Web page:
How to Stop Biting Cats

Next to litter box misses, biting cats are one of the biggest behavioral problem for their owners. Most cat owners do not understand this behavior among their cats thus they tend to fail to deal with it properly. Many feel that biting the cat back is a good way to discourage this behavior, but usually end up receiving a second bite or a lovely scratch or two in return.

One of the best ways to stop biting cats is to never allow the behavior in the first place. Using your hand or foot as a ‘spider’ or other type of monster while playing with your kitten lets her know that attacking and biting is acceptable. Little teeth become big teeth and a cat who is taught to play this way as a kitten will usually want to play the same game in adulthood. My husband played with our female cat when she was young by rubbing his foot on her stomach until she attacked. Now fully grown, she will still periodically lay on the floor near his foot and bite and scratch it. He yells and I smile sweetly and mention that I told him that it was a bad idea ages ago.

Always be aware of your cat’s body language. If she is laying comfortably on your lap while you are petting her, pay attention to what she is trying to say. When she has had enough or you have touched a sensitive area, she will give warning before the impending bite. Signals will include a flattening of the ears, a flick of the tail and her head will turn towards your hand. When you notice this happening, stop the petting immediately. If you are still unsure, stand up to force her to jump down.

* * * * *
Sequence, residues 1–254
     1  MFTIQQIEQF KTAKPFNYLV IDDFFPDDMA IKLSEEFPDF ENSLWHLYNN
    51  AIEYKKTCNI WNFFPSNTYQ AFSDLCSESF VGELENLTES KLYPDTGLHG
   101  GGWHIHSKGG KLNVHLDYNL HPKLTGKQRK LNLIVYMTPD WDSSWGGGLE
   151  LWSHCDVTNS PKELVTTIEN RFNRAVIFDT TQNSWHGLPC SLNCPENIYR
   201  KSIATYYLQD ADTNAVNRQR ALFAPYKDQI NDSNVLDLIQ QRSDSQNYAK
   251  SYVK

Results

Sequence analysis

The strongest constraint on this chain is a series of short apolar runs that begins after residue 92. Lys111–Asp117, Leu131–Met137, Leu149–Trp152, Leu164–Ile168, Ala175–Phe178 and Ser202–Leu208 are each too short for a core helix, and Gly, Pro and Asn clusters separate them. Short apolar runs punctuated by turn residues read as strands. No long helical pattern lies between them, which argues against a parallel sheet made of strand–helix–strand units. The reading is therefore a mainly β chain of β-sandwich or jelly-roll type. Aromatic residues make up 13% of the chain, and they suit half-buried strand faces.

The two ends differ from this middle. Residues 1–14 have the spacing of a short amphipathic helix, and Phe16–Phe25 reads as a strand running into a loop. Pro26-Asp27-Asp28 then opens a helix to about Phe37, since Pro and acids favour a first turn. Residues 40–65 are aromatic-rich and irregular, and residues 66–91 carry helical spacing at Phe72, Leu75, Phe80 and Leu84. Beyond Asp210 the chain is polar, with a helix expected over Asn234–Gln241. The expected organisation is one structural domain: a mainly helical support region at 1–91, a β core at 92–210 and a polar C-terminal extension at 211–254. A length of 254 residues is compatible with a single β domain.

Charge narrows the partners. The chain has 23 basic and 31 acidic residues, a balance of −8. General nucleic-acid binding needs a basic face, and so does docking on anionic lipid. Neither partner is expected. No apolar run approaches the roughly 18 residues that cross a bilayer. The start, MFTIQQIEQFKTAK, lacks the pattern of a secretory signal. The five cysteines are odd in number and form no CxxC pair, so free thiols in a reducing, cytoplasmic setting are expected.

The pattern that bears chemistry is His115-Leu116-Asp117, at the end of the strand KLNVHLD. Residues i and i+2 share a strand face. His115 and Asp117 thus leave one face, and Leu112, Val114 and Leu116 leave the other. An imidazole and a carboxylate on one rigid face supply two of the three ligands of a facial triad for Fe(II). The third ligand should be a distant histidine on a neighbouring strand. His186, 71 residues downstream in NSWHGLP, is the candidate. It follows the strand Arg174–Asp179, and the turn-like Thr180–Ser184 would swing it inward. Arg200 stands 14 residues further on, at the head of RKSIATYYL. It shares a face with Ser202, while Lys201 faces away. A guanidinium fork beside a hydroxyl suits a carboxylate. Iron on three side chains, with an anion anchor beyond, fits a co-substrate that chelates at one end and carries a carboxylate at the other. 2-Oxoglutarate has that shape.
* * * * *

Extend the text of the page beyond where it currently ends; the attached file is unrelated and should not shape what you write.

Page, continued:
Cats who are stalking pretend prey will also bite. Again, body language will tell you everything. Before attacking, she will crouch down, flatten her ears, her pupils will dilate and she will swish her tail or wiggle her bum. Although this is only her way of honing her skills, the attacks can hurt if you are the target. If you see her preparing to pounce, divert her attention by rolling a toy across the floor or placing a stuffed animal between you and the cat. Allow your cat to wrestle and play with the toy and praise her. Another great cat toy is one that you can pull along the floor and let your kitty run after it.

If your cat does bite your hand, yell “Oww” or “No”. This will usually surprise her and she will let go. Pushing your hand towards her as opposed to pulling it away, as prey would do when trying to escape, is another way to make her let go easier. After you have your hand back, walk away from the cat and ignore her.

By being persistent and always discouraging or redirecting the behavior, biting cats soon quit using you as their main target.